Dr. Stockmann. Yes, till I was absolutely
certain, I

Burgomaster. So you're certain now?

Dr. Stockmann. You found no uncertainty in
my statement of the case, did you ?

Burgomaster. Is it your intention to submit



144 An Enemy of the People. [Act II.

this statement to the Board of Directors, as a sort of
official document ?

Dr. Stockman n. Of course. Something must
be done in the matter, and that promptly.

Burgomaster. As usual, you use very strong
expressions in your statement. Amongst other
things, you say that what we offer our visitors is a
slow poison !

Dr. STOCKMANN. Why, Peter, can you call it
anything else? Only think — poisoned water both
internally and externally ! And that to poor invalids
who come to us in all confidence, and pay us liberally
to cure them !

Burgomaster. And then you announce as your
conclusion that we must build a sewer to carry off all
the alleged impurities from the Mill Dale, and relay
all the water-pipes.

Dr. Stockman n. Yes. Can you suggest any
alternative ? — I know of none.

Burgomaster. I made an excuse for looking in
at the town engineer's this morning, and — in a half-
jesting way — I mentioned these alterations as things
we might possibly have to consider, at some future
time.

Dr. Stockman n. At some future time !

Burgomaster. Of course he smiled at what he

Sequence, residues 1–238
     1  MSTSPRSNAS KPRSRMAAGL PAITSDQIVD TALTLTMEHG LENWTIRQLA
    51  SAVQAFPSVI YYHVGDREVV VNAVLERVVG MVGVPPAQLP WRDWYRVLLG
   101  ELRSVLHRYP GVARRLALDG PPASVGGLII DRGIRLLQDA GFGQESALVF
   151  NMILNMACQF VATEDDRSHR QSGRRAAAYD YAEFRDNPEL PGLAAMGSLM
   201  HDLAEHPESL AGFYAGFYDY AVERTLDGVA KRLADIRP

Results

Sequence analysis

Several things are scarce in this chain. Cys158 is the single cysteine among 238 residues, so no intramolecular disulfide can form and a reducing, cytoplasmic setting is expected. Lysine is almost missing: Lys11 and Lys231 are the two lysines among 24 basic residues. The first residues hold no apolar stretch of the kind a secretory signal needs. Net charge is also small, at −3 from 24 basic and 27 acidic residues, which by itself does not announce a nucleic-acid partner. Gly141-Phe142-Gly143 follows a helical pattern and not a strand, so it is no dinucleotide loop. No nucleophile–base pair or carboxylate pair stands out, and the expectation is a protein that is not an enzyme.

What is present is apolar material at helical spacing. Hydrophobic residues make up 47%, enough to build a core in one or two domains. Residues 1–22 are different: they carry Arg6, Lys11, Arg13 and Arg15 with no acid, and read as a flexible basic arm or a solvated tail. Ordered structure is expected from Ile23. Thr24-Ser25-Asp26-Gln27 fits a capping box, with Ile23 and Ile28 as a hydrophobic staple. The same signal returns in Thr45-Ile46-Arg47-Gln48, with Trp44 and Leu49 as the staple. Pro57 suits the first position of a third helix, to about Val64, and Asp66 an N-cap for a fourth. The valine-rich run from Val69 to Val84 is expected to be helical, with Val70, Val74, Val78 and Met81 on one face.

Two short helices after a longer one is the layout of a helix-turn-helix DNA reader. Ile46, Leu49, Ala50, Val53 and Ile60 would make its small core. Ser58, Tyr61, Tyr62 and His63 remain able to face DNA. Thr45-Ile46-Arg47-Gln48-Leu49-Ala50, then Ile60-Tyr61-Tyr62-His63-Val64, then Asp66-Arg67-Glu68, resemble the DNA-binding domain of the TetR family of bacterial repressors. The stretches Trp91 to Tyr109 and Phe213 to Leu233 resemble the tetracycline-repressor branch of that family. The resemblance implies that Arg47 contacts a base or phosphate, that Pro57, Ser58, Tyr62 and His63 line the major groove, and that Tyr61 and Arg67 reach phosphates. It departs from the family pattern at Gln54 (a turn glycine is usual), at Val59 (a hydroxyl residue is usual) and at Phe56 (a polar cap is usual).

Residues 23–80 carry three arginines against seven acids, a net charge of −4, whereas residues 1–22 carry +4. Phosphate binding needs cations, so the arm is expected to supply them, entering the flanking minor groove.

thought my extravagance. Have you taken the
trouble to think what your proposed alterations
would cost? From what the engineer said, I gathered
that the expenses would probably mount up to
several hundred thousand crowns.

Dr. Stockman n. So much as that ?



Act II.] An Enemy of the People. 145

Burgomaster. Yes. But that's not the worst.
The work would take at least two years.

Dr. Stockman n. Two years ! Do you mean to
say two whole years ?

Burgomaster. At least And what are we to do
with the Baths in the meanwhile ? Are we to close
them ? Of course we'd have to. Do you think any
one would come here, if it got abroad that the water
was pestilential ?

Dr. Stockman n. But, Peter, that's just what
it is.

Burgomaster. And all this now, just now, when
the Baths are doing so well ! Neighbouring towns,
too, are not without their claims to rank as health-
resorts. Do you think they wouldn't at once set to
work to divert the full stream of visitors to them-
selves ? Undoubtedly they would ; and we should
be left stranded. We should probably have to give
up the whole costly undertaking ; and so you would
have ruined your native town.

Dr. Stockmann. I — ruined !

Burgomaster. It's only through the Baths that
the town has any future worth speaking of. You
surely know that as well as I do.

Dr. Stockmann. But what do you think should
be done ?

Burgomaster. I have not succeeded in con-